Rotorua's full name is Te Rotorua-nui-a-Kahumatamomoe and means second lake in Maori.

Action and adventure, thrills and spills, Maori heritage, thermal springs and spas, Rotorua has something for everyone.

Over 100km of Mountain biking trails weave their way through Whakarewarewa Forest, there are trails for all abilities and fitness levels, single tracks, forest backroads or for the more adventurous, there are some jump tracks. To date the oldest trail blazer was a sprightly 82.

The OGO is another favourite enjoyed by children and adults alike. The huge double skinned inflatable sphere measures 3.2 metres in diameter. In the H2OGO (water version) the inner sphere contains 40 litres of water - warm in cool weather and cool in hot weather, and can be enjoyed by up to 3 people at a time. Super slippery you slosh and slide in the sphere down a 250 metre track, screams and laughs of delight are caught on camera as you enjoy an experience akin to the gentle cycle of a washing machine.


Other activities include the luge, the gondola, hiking, trekking, running, boating, trout fishing, rafting, kayaking, thermal baths and cruising the lakes.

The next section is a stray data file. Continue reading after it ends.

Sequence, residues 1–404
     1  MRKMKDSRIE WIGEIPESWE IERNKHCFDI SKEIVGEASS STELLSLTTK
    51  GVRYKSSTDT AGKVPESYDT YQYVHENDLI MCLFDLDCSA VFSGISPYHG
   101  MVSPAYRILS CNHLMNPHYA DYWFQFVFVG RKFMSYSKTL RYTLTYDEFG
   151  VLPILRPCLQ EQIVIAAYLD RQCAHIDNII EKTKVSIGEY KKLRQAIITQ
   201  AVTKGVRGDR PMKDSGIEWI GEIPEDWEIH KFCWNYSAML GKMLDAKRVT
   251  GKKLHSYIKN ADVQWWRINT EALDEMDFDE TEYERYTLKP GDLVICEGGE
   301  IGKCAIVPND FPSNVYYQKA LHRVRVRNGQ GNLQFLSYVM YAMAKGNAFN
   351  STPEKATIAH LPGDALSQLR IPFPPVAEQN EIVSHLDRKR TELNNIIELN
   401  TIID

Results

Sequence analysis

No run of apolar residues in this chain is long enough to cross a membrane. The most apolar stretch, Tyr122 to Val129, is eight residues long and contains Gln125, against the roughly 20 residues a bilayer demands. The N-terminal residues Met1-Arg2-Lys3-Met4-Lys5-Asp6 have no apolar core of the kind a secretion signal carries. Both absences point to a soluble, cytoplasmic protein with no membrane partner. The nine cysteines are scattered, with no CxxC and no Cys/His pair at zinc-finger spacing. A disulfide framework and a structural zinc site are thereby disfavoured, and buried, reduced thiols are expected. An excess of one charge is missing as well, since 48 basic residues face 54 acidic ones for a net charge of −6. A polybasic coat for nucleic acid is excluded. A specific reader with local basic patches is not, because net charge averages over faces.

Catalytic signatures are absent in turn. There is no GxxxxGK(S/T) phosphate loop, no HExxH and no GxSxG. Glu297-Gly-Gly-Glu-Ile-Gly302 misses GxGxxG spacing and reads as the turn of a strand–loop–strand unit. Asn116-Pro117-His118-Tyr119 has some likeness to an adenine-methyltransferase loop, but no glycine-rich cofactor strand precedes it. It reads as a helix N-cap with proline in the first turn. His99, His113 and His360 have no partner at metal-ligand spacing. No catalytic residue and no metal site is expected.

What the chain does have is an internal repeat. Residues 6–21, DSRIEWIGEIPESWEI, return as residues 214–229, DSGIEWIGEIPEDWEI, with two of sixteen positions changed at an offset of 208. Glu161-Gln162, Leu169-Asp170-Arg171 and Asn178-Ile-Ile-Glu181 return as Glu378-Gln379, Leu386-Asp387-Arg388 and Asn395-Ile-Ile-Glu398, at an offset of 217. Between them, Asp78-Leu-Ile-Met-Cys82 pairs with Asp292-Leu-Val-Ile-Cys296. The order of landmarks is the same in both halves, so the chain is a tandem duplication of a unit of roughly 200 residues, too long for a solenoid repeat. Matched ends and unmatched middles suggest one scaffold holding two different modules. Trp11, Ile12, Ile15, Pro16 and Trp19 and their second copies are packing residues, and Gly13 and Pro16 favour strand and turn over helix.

For those with more of a cultural interest there is the Rotorua Museum which is located in the old Bath house and holds the highest classification given by the New Zealand Historic Act. The museum is home many important images and treasures of the local Arawa people. Short cinematic experiences bringing the history of the people to life.


For something more authentic a private visit to a Marae, traditional welcome and meeting with a Maori chief and his family can be arranged. On such private visits you will learn the history of the Maori, the chief's particular tribe, their customs and values and what issues affect and influence their lives today. In many cases they are as eager to learn from you as you are from them.

Janet Mactavish